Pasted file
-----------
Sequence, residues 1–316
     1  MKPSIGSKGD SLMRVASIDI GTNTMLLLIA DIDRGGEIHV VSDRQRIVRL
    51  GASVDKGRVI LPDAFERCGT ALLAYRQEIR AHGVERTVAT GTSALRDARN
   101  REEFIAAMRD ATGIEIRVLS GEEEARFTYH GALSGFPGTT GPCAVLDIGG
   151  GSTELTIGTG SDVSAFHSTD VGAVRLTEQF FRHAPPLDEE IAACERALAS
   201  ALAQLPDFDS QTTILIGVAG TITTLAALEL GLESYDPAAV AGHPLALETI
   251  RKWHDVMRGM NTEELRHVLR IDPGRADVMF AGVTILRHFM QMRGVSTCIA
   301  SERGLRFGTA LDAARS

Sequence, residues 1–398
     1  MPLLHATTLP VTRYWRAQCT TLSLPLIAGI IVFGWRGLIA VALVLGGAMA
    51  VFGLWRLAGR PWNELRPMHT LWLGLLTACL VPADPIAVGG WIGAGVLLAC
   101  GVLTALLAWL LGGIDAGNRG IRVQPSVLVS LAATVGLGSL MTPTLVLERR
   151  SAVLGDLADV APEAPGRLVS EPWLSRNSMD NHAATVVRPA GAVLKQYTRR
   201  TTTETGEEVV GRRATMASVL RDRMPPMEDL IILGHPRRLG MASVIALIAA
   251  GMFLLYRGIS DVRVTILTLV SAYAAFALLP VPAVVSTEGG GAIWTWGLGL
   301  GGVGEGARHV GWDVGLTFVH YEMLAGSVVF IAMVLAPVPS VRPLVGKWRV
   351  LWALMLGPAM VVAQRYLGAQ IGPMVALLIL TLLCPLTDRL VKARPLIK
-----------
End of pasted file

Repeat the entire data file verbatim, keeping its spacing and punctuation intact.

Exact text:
Sequence, residues 1–316
     1  MKPSIGSKGD SLMRVASIDI GTNTMLLLIA DIDRGGEIHV VSDRQRIVRL
    51  GASVDKGRVI LPDAFERCGT ALLAYRQEIR AHGVERTVAT GTSALRDARN
   101  REEFIAAMRD ATGIEIRVLS GEEEARFTYH GALSGFPGTT GPCAVLDIGG
   151  GSTELTIGTG SDVSAFHSTD VGAVRLTEQF FRHAPPLDEE IAACERALAS
   201  ALAQLPDFDS QTTILIGVAG TITTLAALEL GLESYDPAAV AGHPLALETI
   251  RKWHDVMRGM NTEELRHVLR IDPGRADVMF AGVTILRHFM QMRGVSTCIA
   301  SERGLRFGTA LDAARS

Sequence, residues 1–398
     1  MPLLHATTLP VTRYWRAQCT TLSLPLIAGI IVFGWRGLIA VALVLGGAMA
    51  VFGLWRLAGR PWNELRPMHT LWLGLLTACL VPADPIAVGG WIGAGVLLAC
   101  GVLTALLAWL LGGIDAGNRG IRVQPSVLVS LAATVGLGSL MTPTLVLERR
   151  SAVLGDLADV APEAPGRLVS EPWLSRNSMD NHAATVVRPA GAVLKQYTRR
   201  TTTETGEEVV GRRATMASVL RDRMPPMEDL IILGHPRRLG MASVIALIAA
   251  GMFLLYRGIS DVRVTILTLV SAYAAFALLP VPAVVSTEGG GAIWTWGLGL
   301  GGVGEGARHV GWDVGLTFVH YEMLAGSVVF IAMVLAPVPS VRPLVGKWRV
   351  LWALMLGPAM VVAQRYLGAQ IGPMVALLIL TLLCPLTDRL VKARPLIK